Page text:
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An eye-catching red Acura Precision Concept debuted to the world automotive press Tuesday at the Detroit auto show, a year after the brand’s soon-to-arrive Acura NSX supercar was among the show’s stars.

The Precision Concept, with its long V-like pointed hood, sweeping design lines and low, muscular stance, is all about the future direction for Acura design, which the luxury brand says will be bolder.

The fast-looking four-door concept has what Acura calls “quantum continuum” to transition materials and vehicle structure from the exterior inside. The vehicle, which marked its global debut at the North American International Auto Show, lacks a B-pillar, between the door and backseat.

Honda Motor Co. Ltd. President and CEO Takahiro Hachigo helped reveal the sporty sedan concept.

“This is a start for the next 30 years of Acura,” he said.

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Honda President and CEO Takahiro Hachigo and Acura Global Design Director Dave Marek reveal Acura's new luxury concept. Clarence Tabb Jr., The Detroit News

The Acura Precision Concept comes at a significant time for the marque. This March, Acura will celebrate its 30th anniversary. When it debuted in 1986, it raised plenty of eyebrows as the first attempt by a Japanese manufacturer to directly take on established European and American luxury brands.

Early models, such as the Legend and Integra, quickly carved out a unique niche but in more recent years, Acura has been accused of losing its way, which even company officials don’t completely deny.

Hachigo called Acura one of the highest priorities for global Honda and that the company is investing heavily into the luxury brand.

Acura intends to use parts of the design study to shape future Acura vehicles. Dave Marek, Acura global creative director, said the Precision Concept’s grille will make its way onto Acura products “not too far into the future.”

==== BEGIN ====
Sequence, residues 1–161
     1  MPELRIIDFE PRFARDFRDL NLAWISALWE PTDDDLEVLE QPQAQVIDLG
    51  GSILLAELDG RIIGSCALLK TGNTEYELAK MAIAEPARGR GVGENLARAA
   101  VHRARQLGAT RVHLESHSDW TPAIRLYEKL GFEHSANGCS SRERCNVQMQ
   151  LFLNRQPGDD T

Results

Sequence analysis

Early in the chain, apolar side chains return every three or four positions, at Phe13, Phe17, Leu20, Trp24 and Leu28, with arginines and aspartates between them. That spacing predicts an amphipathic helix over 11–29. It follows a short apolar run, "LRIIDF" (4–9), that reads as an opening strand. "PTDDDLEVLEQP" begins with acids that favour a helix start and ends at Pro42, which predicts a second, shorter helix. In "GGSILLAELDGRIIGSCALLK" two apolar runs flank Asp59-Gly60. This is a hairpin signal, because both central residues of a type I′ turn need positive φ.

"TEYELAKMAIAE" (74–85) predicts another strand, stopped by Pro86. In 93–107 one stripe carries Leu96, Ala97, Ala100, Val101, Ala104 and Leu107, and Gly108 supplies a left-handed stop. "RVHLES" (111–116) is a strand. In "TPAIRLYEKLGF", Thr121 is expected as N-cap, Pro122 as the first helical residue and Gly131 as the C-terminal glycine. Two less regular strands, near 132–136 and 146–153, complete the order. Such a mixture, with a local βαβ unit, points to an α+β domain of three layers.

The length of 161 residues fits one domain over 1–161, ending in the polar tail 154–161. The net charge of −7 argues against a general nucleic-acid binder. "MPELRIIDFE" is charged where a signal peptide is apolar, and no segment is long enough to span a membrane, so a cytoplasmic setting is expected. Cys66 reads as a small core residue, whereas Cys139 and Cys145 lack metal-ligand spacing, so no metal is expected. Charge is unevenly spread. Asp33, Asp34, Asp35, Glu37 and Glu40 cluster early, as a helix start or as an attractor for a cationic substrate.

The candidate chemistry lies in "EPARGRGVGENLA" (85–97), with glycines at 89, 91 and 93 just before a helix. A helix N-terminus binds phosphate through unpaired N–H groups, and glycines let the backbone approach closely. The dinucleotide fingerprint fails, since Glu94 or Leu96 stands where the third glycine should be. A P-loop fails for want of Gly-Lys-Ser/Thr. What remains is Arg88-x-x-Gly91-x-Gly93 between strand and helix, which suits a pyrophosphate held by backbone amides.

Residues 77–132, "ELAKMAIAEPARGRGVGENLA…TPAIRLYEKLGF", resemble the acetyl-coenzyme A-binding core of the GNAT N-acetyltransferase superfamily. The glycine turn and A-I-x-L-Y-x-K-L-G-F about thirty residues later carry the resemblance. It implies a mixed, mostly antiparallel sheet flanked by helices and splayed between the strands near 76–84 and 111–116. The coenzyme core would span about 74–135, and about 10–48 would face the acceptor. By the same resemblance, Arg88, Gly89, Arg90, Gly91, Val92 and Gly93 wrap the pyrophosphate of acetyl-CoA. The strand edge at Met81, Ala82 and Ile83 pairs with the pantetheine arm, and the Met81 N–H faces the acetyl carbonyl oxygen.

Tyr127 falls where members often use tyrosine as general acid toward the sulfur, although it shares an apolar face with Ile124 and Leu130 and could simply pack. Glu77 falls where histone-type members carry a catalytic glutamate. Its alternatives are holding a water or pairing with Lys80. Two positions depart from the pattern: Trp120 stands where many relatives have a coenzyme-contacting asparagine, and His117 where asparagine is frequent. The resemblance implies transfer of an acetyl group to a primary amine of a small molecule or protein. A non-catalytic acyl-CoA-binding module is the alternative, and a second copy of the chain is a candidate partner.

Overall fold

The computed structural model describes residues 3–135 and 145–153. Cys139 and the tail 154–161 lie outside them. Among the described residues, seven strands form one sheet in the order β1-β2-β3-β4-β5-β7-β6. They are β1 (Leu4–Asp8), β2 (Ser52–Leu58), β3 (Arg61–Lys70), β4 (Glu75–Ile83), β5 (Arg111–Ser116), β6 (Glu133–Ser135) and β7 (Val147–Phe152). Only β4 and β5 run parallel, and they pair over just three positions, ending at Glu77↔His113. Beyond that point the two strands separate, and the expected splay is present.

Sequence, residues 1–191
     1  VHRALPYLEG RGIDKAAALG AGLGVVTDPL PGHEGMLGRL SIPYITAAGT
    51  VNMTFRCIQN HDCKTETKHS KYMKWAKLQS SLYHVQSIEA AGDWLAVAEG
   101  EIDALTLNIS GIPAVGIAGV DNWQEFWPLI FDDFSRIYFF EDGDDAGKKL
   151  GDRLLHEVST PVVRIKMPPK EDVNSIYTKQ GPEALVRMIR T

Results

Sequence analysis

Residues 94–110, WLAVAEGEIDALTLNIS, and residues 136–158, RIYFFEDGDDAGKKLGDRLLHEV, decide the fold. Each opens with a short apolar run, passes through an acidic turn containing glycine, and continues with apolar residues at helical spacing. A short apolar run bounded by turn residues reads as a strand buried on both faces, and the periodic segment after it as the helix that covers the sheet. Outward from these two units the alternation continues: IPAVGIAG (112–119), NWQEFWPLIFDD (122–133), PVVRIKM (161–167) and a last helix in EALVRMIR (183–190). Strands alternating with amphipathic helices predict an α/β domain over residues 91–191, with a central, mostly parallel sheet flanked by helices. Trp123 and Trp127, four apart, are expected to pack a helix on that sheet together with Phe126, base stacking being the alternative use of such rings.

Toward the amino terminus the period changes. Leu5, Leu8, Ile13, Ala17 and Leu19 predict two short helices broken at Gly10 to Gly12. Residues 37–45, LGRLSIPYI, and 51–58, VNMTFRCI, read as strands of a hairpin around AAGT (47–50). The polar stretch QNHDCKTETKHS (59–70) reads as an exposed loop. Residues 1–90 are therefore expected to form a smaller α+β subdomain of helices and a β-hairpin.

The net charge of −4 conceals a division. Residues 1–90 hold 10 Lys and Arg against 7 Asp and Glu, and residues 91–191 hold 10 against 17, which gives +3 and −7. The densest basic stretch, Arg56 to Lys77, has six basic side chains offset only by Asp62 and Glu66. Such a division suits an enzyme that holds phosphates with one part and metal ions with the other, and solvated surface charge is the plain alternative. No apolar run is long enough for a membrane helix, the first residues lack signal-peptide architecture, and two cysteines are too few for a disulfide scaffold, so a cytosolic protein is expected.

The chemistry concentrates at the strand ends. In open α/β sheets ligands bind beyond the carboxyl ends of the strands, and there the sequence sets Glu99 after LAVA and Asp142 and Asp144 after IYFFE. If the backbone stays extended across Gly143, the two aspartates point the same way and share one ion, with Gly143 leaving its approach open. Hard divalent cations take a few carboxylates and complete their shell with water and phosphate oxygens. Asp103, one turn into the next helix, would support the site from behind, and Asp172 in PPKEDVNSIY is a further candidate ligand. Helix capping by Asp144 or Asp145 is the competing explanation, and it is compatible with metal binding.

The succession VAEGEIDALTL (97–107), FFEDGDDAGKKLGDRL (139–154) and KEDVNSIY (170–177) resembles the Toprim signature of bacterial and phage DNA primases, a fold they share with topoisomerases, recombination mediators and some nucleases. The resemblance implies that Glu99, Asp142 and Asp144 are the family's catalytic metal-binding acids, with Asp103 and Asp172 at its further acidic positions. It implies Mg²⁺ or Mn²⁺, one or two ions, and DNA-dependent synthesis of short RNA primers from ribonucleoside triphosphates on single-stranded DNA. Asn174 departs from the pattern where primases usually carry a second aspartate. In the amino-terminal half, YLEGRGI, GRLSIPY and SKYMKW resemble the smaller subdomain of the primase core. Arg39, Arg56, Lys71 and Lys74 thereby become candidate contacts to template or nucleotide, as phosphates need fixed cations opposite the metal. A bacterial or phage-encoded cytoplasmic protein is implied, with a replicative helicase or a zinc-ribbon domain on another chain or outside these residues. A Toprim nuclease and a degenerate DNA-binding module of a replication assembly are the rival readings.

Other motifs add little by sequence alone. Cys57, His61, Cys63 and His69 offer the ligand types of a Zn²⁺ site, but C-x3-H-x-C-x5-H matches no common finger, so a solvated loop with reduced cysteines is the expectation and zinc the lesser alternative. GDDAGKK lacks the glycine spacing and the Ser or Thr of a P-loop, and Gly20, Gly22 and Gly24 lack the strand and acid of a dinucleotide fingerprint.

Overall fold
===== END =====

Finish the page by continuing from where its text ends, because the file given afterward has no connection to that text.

Marek said several key elements will come in upcoming Acura models, including the Precision Concept’s distinctive lighting scheme; more sculpted body panels, bigger wheels and tires and bolder fenders to emphasize power and performance.

“Some things are way out, some closer,” said Jon Ikeda, a former advanced designer who now is vice president and general manager of the Acura Division, adding that, “We’ve got to dream big.”

Ikeda said in December that Acura must improve its sedan lineup, and he said it is important to show performance in vehicle style.

The wide and low-standing concept features a new diamond pentagon grille. The Precision Concept is 204 inches long and 84 inches wide. Its wheelbase is 122 inches and the car rides on 22-inch wheels and tires.

Lighting also is advanced, with jewel constellation LED headlights in the front and floating LED taillights in the rear. Inside, the car features a sports steering wheel with paddle shifters and a heads up display for the driver.

Acura describes the rear seats as “floating” and thin. The show car features plenty of high-tech gear and gadgets, including the curved central video display that can provide driver data as well as entertainment. A smaller display, not much bigger than an iPhone 6-Plus, rides above the steering wheel.

The concept showcases a human-machine interface concept for Acura, featuring the curved center screen that is controlled by a floating touch pad suspended on the center stack. When a driver and passengers enter the vehicle, the system “scans each occupant and selects personalized features and functions, including maps, audio and customized vehicle performance settings.”

The Precision Concept was developed by Acura’s design studio in California under direction from the same designers who led the NSX project.

Acura had its best U.S. sales last year since 2007, selling 177,165 vehicles. that was up 5.6 percent from 2014 and marked the brand’s fourth straight year of sales growth. The brand currently has five vehicles in its lineup — three sedans and two SUVs — and this spring will add the long-anticipated 2017 NSX supercar with a starting price tag of $156,000.

mburden@detroitnews.com

(313) 222-2319

Twitter.com/MBurden_DN

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